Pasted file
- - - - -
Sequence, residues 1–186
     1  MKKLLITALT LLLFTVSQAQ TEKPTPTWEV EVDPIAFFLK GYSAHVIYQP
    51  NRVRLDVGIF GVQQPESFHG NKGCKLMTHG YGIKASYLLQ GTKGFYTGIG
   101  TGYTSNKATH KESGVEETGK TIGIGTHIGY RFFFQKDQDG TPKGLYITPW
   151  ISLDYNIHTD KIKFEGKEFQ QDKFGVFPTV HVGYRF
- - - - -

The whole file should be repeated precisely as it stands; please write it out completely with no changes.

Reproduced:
Sequence, residues 1–186
     1  MKKLLITALT LLLFTVSQAQ TEKPTPTWEV EVDPIAFFLK GYSAHVIYQP
    51  NRVRLDVGIF GVQQPESFHG NKGCKLMTHG YGIKASYLLQ GTKGFYTGIG
   101  TGYTSNKATH KESGVEETGK TIGIGTHIGY RFFFQKDQDG TPKGLYITPW
   151  ISLDYNIHTD KIKFEGKEFQ QDKFGVFPTV HVGYRF